Performers practice in regular keikogi and hakama, as they would for any weapons-type martial art practice, with the addition of white tabi.  For performance, they wear kimono, hakama and tabi.  Dancers do not wear wigs or special makeup.  The kimono may be formal black, worn with the traditional grey-striped hakama, or both kimono and hakama may be in beautiful patterns and colors.  The style of movement reflects a cross between male style Nihon Buyo and movement for iai - stances are low and wide, reflecting both strength, grace and refined masculinity.  Though the legs may be placed asymmetrically, the weight is always balanced and the body stays in line, rarely twisting or bending.  Generally speaking, feet stay in contact with the floor, walking in graceful suriashi steps. 

The dances are performed to poems sung by a single vocalist with or without musical accompaniment.  The poems are composed in a Chinese style called shigin, or ginei.  Japanese in origin, the poems reflect great deeds of samurai or other stories related to battles or fighting.  Michael Alexanian, Shihan of the US Tamiya Ryu Iaijutsu organization, provided me with an English translation of a poem, “Kawanakajima” (“Island in the Middle of a River”) used for one of the Tamiya Ryu's kenbu.  The poem depicts a failed raid on an enemy camp:

After we crossed the river in the night by paying attention even to the sounds of whips, we found that the banner of the general of our enemy was surrounded by a great number of soldiers.  Thinking back to the past, it has been more than ten years since this hatred started.  However, in spite of the fact that we prepared ourselves for this opportunity of beating our enemy by polishing our swords, we lost this wonderful opportunity.  We cannot help regretting it.  (Alexanian 2004, 1)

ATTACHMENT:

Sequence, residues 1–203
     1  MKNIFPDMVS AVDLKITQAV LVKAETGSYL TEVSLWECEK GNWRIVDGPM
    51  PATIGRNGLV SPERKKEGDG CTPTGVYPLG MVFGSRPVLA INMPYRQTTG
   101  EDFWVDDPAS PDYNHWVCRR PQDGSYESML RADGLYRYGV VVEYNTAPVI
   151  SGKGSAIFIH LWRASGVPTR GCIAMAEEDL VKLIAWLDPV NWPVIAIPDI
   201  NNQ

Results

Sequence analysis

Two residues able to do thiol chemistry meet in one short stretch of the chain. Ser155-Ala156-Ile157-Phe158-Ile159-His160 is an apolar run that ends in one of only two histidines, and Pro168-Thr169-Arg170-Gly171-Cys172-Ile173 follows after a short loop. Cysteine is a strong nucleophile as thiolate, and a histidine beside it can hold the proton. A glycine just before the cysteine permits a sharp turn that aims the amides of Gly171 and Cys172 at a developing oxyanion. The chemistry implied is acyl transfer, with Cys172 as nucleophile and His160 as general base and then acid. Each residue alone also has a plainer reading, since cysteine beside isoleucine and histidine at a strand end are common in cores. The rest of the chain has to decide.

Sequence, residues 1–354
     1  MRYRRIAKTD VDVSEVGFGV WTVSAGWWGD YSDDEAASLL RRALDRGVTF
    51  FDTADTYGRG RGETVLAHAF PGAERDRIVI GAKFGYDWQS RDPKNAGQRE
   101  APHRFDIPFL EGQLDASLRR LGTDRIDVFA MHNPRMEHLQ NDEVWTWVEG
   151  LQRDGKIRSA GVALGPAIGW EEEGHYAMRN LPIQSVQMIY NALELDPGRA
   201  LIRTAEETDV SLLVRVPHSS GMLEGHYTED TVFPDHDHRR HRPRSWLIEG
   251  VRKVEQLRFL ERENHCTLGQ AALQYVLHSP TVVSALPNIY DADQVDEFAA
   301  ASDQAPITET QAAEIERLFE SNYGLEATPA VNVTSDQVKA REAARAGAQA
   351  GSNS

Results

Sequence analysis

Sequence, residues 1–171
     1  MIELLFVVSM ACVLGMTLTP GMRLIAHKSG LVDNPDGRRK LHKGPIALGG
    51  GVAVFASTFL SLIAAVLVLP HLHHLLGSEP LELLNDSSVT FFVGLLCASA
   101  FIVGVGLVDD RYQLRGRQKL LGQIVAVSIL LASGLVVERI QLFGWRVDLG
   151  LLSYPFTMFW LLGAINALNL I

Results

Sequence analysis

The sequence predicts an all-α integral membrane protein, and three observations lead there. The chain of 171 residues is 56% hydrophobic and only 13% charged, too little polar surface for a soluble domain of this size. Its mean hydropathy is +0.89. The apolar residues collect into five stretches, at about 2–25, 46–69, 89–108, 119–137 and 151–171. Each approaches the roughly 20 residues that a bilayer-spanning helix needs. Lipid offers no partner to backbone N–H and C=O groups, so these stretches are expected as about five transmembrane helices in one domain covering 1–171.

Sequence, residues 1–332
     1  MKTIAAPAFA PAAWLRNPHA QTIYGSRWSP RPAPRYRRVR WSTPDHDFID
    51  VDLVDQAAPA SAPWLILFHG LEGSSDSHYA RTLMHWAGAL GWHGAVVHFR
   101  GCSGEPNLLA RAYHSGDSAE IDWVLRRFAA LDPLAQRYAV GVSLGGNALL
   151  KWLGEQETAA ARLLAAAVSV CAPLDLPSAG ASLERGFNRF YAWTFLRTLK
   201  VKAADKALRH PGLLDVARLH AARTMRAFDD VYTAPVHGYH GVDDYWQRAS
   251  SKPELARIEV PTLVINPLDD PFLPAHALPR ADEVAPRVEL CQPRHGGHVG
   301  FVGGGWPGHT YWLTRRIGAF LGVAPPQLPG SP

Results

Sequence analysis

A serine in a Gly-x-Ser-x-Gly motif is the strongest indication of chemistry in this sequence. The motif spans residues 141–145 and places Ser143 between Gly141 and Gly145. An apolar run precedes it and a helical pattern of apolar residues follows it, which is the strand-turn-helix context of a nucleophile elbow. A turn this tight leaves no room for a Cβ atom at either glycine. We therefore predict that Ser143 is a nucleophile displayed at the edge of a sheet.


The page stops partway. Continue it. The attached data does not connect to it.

Alexanian also provided a description of some of the accompanying movement.  For example, the concluding posture of the dance:

Take your posture in the position of hidari (left) jodan.  While making a step to the front, move your sword downward (kirioroshi) and put your right foot to your left foot.  Put your right hand with your sword to your right rib, and make a backward step.  At the same time, put your sword above your head. (Alexanian 2004, 2)

Everything about the poem and description suggests a low posture and a feeling of martial strength.